Protection against Nasopharyngeal Colonization by Streptococcus pneumoniae Is Mediated by Antigen-Specific CD4+ T Cells
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CitationTrzcinski, K., C. M. Thompson, A. Srivastava, A. Basset, R. Malley, and M. Lipsitch. 2008. “Protection Against Nasopharyngeal Colonization by Streptococcus Pneumoniae Is Mediated by Antigen-Specific CD4+ T Cells.” Infection and Immunity 76 (6) (April 7): 2678–2684. doi:10.1128/iai.00141-08. http://dx.doi.org/10.1128/IAI.00141-08.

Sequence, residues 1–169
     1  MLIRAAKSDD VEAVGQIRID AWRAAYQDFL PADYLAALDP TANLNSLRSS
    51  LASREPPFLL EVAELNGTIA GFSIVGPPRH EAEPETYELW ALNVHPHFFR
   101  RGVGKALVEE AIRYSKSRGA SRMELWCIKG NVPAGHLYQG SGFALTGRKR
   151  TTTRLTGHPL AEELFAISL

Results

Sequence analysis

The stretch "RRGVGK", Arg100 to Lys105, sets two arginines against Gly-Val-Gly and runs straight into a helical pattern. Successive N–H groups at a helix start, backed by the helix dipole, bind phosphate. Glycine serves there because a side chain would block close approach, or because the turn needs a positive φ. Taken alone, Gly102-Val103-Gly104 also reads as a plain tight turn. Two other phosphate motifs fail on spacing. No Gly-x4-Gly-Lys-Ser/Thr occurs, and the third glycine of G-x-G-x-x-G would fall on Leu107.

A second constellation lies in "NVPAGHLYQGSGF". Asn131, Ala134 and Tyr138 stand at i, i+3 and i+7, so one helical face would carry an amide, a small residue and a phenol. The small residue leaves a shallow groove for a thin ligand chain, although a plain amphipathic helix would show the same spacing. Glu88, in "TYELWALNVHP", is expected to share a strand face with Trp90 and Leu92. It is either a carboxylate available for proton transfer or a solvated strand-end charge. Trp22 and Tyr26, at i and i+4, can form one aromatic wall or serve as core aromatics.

AbstractCD4(+) T-cell-dependent acquired immunity confers antibody-independent protection against pneumococcal colonization. Since this mechanism is poorly understood for extracellular bacteria, we assessed the antigen specificity of the induction and recall of this immune response by using BALB/c DO11.10Rag(-/-) mice, which lack mature B and T cells except for CD4(+) T cells specific for the OVA(323-339) peptide derived from ovalbumin. Serotype 6B Streptococcus pneumoniae strain 603S and unencapsulated strain Rx1Delta lytA were modified to express OVA(323-339) as a fusion protein with surface protein A (PspA) (strains 603OVA(1) and Rx1Delta lytAOVA(1)) or with PspA, neuraminidase A, and pneumolysin (Rx1Delta lytAOVA(3)). Whole-cell vaccines (WCV) were made of ethanol-killed cells of Rx1Delta lytA plus cholera toxin (CT) adjuvant, of Rx1Delta lytAOVA(1) + CT (WCV-OVA(1)), and of Rx1Delta lytAOVA(3) + CT (WCV-OVA(3)). Mice intranasally immunized with WCV-OVA(1), but not with WCV or CT alone, were protected against intranasal challenge with 603OVA(1). There was no protection against strain 603S in mice immunized with WCV-OVA(1). These results indicate antigen specificity of both immune induction and the recall response. Effector action was not restricted to antigen-bearing bacteria since colonization by 603S was reduced in animals immunized with vaccines made of OVA-expressing strains when ovalbumin or killed Rx1Delta lytAOVA(3) antigen was administered around the time of challenge. CD4(+) T-cell-mediated protection against pneumococcal colonization can be induced in an antigen-specific fashion and requires specific antigen for effective bacterial clearance, but this activity may extend beyond antigen-expressing bacteria. These results are consistent with the recruitment and/or activation of phagocytic or other nonspecific effectors by antigen-specific CD4(+) T cells.
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